The blend of tradition and innovation in post-modern Japan provides a window into one possible future for the world.
Adopt, adapt, adept.
Throughout history, the Japanese have followed this three-step approach to localizing and improving ideas and artifacts to fit within their cultural milieu. This tradition of refinement has created a culture that is both uniquely Japanese, and reflective of the world. Envoys’ programs in Japan explore the social issues affecting the nation, examining post-modern Japan in its position as a nation in some ways like no other, and as a nation in some ways like every other.
Our fourteen-day learning tour takes students to two cultural centers: Tokyo, the bustling capital, for its history, development, and urban present; and the Tohoku Region, for its position as a center of farming and manufacture, its window into middle-class Japan, and as the recovering site of the 2011 Tohoku Earthquake and Tsunami.
Envoys students pursue rigorous research projects during our programs in Japan. Project themes and research questions are identified during the pre-trip online courses through a process of consultation with school leaders, academic experts, development practitioners, and business professionals.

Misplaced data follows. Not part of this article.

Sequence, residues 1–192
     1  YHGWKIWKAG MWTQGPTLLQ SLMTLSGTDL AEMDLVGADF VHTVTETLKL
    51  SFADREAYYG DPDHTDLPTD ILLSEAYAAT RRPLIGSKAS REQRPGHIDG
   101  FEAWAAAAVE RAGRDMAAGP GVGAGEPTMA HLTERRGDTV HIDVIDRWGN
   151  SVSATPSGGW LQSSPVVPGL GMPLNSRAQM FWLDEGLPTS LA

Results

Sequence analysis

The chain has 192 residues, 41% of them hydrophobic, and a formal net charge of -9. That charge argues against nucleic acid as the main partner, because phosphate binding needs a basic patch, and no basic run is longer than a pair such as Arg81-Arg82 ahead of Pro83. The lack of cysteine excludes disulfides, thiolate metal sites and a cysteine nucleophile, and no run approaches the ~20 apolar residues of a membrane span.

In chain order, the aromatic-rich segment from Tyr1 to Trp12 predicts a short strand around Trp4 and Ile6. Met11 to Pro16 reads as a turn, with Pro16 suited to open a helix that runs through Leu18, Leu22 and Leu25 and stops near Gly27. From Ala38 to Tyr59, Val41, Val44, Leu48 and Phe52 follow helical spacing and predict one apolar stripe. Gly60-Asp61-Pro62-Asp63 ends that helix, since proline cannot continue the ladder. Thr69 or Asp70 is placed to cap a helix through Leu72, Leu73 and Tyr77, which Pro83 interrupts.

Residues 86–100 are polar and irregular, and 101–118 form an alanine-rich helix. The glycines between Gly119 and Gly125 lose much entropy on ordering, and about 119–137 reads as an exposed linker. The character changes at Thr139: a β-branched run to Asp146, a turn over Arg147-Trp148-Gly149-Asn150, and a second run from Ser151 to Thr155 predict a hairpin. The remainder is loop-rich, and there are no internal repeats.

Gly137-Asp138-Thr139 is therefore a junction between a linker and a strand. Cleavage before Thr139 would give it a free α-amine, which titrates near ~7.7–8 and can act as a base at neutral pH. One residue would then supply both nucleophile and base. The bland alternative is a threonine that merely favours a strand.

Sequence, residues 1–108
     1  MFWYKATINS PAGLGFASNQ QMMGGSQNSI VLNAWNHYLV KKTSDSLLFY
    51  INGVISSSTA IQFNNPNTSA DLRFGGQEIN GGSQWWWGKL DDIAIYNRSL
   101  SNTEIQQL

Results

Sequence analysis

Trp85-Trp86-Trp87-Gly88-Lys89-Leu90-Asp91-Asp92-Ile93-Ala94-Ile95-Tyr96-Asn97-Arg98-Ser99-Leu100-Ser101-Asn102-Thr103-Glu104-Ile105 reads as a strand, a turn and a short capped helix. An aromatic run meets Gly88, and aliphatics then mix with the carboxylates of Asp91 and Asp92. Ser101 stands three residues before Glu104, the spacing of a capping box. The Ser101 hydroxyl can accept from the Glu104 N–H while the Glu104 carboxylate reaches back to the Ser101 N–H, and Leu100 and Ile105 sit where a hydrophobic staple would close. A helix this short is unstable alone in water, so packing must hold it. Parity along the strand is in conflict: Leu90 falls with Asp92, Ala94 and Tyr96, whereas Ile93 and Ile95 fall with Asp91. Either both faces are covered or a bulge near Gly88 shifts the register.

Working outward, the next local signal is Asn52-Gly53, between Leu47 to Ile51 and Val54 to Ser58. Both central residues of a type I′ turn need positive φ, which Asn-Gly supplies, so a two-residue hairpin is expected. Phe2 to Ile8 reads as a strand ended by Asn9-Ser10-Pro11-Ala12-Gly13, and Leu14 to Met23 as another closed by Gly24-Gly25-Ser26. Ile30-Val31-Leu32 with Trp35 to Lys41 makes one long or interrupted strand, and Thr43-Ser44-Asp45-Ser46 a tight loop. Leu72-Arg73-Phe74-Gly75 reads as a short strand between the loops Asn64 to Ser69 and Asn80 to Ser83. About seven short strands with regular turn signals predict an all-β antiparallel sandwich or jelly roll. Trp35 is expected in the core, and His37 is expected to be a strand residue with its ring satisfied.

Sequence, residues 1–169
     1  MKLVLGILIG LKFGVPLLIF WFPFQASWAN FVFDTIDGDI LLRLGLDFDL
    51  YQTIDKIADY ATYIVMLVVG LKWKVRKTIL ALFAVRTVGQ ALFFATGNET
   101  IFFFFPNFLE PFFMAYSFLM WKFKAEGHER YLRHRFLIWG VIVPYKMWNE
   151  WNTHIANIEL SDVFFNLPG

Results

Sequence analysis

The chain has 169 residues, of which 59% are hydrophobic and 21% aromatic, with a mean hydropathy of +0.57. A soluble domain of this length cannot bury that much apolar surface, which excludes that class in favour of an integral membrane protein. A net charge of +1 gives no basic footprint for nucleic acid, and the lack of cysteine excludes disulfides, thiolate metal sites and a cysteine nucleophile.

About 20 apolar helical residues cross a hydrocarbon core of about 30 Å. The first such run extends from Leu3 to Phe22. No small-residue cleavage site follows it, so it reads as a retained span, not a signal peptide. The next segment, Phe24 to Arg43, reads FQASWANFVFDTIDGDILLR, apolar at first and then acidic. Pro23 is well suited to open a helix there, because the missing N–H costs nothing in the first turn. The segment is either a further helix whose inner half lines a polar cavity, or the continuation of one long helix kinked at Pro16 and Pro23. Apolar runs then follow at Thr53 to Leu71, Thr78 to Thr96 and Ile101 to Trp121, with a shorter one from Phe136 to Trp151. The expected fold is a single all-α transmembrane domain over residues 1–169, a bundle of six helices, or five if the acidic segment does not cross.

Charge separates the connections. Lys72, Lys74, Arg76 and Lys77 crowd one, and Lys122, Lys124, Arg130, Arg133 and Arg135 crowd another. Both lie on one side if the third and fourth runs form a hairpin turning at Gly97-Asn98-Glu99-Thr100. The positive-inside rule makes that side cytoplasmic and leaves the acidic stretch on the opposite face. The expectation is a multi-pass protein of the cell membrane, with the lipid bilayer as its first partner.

Potential Project Themes
“It was not only the good times with our friends or the relationships we built but how we were after we came back, returning to this agitated society with a new view of ourselves and not just our impact on the world, but the world’s impact on us.”— Gabriela , Student, Deerfield Colombia 2014
“The individuals we worked with, without exception, were all professional, courteous, patient, and greatly attentive to detail. As stated above, Envoys is flexible and works hard to make sure that if you have custom aspects to a trip that you want to add, they will work hard to make it happen for you.”— Adam H. , Faculty, Belmont Hill Japan 2016
“My goals were to learn about post-conflict Colombia and step out of my comfort zone. These were fulfilled each and every day through activities, reflections, and first-hand experience.”— Julia D. , Student, GEBG Colombia 2016